In Hong Kong, an Englishman Ruffles Feathers

By Laurane Marchive
The Bali Times

HONG KONG ~ How does it feel, being arrested in the streets of Hong Kong dressed as a chicken during a peaceful, legal protest? Tom Grundy is possibly the only man that can answer that question. Last summer when the Olympic Torch came to Hong Kong, Grundy, an English-language teacher, and one of his friends were detained while protesting.

Grundy, 25, settled down in Hong Kong in 2005, and is now part of a direct-action group that aims to raise awareness of issues such as human rights, workers rights, gay rights, women rights, pollution and democracy.

“I use humorous methods, such as costumes, to attract attention,” he told The Bali Times. However, he said such antics often become high-profile and end up in run-ins with the police, or being covered in by foreign media.

Grundy started protesting in England after living for a few months in Uganda when he was 18, but started getting serious when he moved to Hong Kong.

“In 2005 I was protesting alone against the World Trade Organization, dressed as a chicken, carrying a banner that said: ‘WTO, more dangerous than bird flu,’ when I met another activist living in Hong Kong, and we started protesting together,” he said.

“On May 1 the same year, which was international workers’ rights day, we took down a giant McDonald’s advertisement and protested against the lack of a minimum wage in Hong Kong. Even parts of communist China guarantee a living wage to their workers, and Hong Kong is a very rich city as well as the freest economy in the world. NGOs and activist groups kept up the pressure and the government is slowly implementing a minimum wage.”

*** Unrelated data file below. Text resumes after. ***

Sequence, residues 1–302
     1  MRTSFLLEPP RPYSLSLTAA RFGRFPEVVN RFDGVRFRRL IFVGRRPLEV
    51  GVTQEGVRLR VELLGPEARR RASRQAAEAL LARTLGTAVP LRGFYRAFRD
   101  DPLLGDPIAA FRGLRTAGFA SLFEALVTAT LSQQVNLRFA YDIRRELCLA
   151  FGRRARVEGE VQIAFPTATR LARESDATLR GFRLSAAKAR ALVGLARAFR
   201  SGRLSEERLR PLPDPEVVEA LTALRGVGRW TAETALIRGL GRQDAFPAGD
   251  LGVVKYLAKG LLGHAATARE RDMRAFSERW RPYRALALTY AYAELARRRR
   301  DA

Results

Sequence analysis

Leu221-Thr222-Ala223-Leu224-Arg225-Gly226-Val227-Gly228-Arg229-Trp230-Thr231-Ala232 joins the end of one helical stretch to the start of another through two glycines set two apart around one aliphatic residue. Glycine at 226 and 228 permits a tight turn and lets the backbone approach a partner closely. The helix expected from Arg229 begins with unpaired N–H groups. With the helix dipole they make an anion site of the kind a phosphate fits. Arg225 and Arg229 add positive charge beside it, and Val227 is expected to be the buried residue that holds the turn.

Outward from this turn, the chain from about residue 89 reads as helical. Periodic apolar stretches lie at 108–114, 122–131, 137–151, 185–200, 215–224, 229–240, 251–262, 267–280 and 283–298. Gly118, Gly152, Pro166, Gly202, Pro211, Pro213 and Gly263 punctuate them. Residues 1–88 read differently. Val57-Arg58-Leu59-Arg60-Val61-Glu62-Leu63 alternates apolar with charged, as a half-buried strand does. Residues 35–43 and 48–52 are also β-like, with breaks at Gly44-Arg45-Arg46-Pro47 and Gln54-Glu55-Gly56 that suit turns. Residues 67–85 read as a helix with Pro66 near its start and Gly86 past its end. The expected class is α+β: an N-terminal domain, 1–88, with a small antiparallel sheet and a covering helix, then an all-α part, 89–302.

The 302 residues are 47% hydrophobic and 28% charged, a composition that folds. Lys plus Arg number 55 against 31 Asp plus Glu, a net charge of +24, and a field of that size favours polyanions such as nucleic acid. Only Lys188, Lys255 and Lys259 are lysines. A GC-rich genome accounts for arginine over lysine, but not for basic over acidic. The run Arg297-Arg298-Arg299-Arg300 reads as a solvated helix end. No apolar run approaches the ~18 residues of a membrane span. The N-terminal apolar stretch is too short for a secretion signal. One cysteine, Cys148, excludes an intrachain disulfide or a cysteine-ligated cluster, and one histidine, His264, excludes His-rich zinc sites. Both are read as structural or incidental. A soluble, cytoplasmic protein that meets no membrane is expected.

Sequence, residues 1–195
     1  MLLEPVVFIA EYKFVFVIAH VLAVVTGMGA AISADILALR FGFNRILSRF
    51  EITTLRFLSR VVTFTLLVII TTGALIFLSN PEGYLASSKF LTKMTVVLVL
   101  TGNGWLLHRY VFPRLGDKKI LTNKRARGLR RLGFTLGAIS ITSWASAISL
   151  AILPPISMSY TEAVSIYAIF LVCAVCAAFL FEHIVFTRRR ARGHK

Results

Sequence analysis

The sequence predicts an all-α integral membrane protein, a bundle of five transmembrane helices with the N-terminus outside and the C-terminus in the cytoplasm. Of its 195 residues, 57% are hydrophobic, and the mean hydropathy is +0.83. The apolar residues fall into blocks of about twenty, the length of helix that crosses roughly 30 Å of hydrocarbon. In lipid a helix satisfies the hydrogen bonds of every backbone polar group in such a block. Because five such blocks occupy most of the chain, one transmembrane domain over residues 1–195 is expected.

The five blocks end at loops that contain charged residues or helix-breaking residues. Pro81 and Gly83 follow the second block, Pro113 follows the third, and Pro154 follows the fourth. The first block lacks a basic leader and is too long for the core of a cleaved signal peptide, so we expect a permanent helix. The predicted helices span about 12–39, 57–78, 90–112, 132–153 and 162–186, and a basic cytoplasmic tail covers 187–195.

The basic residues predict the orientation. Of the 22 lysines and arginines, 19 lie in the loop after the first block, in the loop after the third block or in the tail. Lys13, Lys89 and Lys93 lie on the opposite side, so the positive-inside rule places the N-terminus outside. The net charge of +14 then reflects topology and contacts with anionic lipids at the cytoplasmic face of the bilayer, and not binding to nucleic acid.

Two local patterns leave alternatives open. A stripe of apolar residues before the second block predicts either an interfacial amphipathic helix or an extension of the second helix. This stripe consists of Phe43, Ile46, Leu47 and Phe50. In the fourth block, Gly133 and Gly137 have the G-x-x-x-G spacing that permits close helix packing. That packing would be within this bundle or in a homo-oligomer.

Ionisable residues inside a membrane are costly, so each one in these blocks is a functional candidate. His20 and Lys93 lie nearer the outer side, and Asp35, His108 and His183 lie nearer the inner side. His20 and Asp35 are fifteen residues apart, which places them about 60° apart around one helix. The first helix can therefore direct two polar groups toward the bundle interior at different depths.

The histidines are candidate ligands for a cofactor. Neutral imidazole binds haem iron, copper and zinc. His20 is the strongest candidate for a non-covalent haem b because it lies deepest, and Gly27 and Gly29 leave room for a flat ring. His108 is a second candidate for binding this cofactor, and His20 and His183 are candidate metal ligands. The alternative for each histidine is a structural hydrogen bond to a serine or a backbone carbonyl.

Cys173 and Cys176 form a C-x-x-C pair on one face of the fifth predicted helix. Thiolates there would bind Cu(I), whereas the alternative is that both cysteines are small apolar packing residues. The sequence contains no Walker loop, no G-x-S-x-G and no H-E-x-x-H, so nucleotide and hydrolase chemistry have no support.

Although Grundy takes part in peaceful, lawful protests, he said being an activist in Hong Kong was not always safe.

“When my friend Christiana Chan and I were protesting this summer, the way the police detained us was not legal. The Hong Kong constitution guarantees freedom of speech for every resident, and says the police should help people to exercise their right to protest.

“However, that day we were taken away in a police van and questioned for about an hour. Lots of TV channels and newspapers related these events to the world, and we have videos proving we were not being aggressive. We spoke to a human rights lawyer afterwards, and now we intend to take the case to a judicial review,” he said.

Grundy says that even though Beijing cannot take action against him, or others who protest, he admits to worrying that something may happen to him, especially given that he says he is followed by police and has received death threats from people who disagree with his position on Tibet.

“The police already told us they were watching us, which explains why I have had plainclothes policemen with earpieces following me, crossing the street when I do, or running when I do. But it’s crazy; they are wasting their time. We are just peaceful protesters.”

He says all he and his friends are doing is to trying to protect civil liberties and freedom of speech in Hong Kong, and that there is a slow mainland influence effecting rights in the city.

“What we are doing is important. This year, because of the Olympic Games, people became more patriotic about the mainland, but we have to remind people that China still has a long way to go. There are still very poor workers rights, poverty and censorship. The one-party regime sponsors genocide in Burma (Myanmar), Darfur and Zimbabwe and has hundreds of missiles aimed at Taiwan.

“We want to remind everyone that there are peaceful cyber-activists who have been jailed simply for expressing their opinions, in a country to which we granted the Olympics. We have to protest on behalf of those who cannot, because injustice in one place is a threat to justice everywhere.”

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